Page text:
The finite length nature of rail-pad supports is characterised by a Timoshenko beam element formulation over an elastic foundation, giving rise to the distributed support element. The new element is integrated into a vertical track model, which is solved in frequency and time domain. The developed formulation is obtained by solving the governing equations of a Timoshenko beam for this particular case. The interaction between sleeper and rail via the elastic connection is considered in an analytical, compact and efficient way. The modelling technique results in realistic amplitudes of the pinned-pinned' vibration mode and, additionally, it leads to a smooth evolution of the contact force temporal response and to reduced amplitudes of the rail vertical oscillation, as compared to the results from concentrated support models. Simulations are performed for both parametric and sinusoidal roughness excitation. The model of support proposed here is compared with a previous finite length model developed by other authors, coming to the conclusion that the proposed model gives accurate results at a reduced computational cost.

  • 5.
    Brabie, Dan
    et al.
    KTH, School of Engineering Sciences (SCI), Aeronautical and Vehicle Engineering, Railway Technology.
    Andersson, Evert
    KTH, School of Engineering Sciences (SCI), Aeronautical and Vehicle Engineering, Railway Technology.
    Dynamic simulation of derailments and its consequences2006In: Vehicle System Dynamics, ISSN 0042-3114, E-ISSN 1744-5159, Vol. 44, no Suppl 1, p. 652-662Article in journal (Refereed)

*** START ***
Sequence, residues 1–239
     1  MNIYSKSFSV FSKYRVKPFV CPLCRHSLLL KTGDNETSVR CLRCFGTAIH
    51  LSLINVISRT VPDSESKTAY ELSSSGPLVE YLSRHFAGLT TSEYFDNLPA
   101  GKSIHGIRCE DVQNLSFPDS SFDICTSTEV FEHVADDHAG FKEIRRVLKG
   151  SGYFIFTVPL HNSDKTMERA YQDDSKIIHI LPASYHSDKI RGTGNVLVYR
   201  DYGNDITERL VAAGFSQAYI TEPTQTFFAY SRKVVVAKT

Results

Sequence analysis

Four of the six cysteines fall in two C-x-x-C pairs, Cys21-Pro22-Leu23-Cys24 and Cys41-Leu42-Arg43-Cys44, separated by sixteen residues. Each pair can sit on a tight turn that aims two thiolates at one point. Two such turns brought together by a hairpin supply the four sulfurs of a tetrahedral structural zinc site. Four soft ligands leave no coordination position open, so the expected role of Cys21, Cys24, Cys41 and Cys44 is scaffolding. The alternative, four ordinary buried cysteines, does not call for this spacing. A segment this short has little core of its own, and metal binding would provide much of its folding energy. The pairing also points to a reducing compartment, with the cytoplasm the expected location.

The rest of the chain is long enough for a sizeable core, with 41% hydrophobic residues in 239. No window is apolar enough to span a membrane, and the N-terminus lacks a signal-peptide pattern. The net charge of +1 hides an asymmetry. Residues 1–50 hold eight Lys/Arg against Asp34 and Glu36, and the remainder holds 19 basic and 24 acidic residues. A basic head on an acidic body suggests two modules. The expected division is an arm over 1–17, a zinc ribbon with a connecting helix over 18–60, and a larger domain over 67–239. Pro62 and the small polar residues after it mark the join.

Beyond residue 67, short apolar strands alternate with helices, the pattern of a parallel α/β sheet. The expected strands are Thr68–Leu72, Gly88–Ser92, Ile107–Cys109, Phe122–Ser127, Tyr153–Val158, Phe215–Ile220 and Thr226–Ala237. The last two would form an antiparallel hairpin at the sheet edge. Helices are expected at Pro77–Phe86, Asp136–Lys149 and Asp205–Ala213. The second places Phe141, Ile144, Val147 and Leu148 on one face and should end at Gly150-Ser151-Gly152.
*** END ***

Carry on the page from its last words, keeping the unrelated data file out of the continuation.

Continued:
Abstract [en]

    This article describes the necessary prerequisites and methodology in progress for studying train vehicle derailments and means of minimising the risk of catastrophic consequences. A comprehensive model has been developed and used in the multi-body system (MBS) simulation software for studying pre- and post-derailment vehicle behaviour. An axle-mounted brake disc and vertically extended bogie frames have shown empirically, as well as by MBS simulations, a potential to favourably influence the sequence of events in case of wheel flange climbing derailments. The MBS simulation methodology has been presented. Examples of how critical geometrical parameters affect the ability of these mechanisms to act as substitute guidance are presented. Further, a finite element (FE) model is developed for studying the impact phenomenon between a rail vehicle wheel and concrete sleepers. In particular, the proposed FE model will be used for obtaining hysteresis data for the wheel-sleeper force as functions of concrete indentation, for further development of the MBS simulations technique.

  • 6.
    Brabie, Dan
    et al.
    KTH, School of Engineering Sciences (SCI), Aeronautical and Vehicle Engineering, Rail Vehicles. KTH, School of Engineering Sciences (SCI), Centres, The KTH Railway Group.
    Andersson, Evert
    KTH, School of Engineering Sciences (SCI), Aeronautical and Vehicle Engineering, Rail Vehicles.
    Post-derailment dynamic simulation of rail vehicles: Methodology and applications2008In: Vehicle System Dynamics, ISSN 0042-3114, E-ISSN 1744-5159, Vol. 46, no Suppl. S, p. 289-300Article in journal (Refereed)
    Abstract [en]

    An earlier developed multi-body system post-derailment module. that predicts the wheelsets' behaviour after impact with concrete sleepers, is upgraded to account for possible wheel-rail fastener impact after train derailments at high speed. The vertical stiffness describing the wheel-fastener impact behaviour is calibrated and validated based on two authentic derailment cases. Geometrical specifications that permit it brake disc and a bogie frame to act as substitute guidance mechanisms after Hart e climbing derailments on Curved track are presented for an X 2000 trailer car. Further, an introductory analysis on the post-derailment vehicle behaviour on tangent track after a 'flange on rail head' derailment condition is also presented its a function of bogie yaw resistance. The risk of carbody overturning after derailments on tangent track is assessed as a function of coupler height and carbody centre of gravity as well as bogie transversal beam position.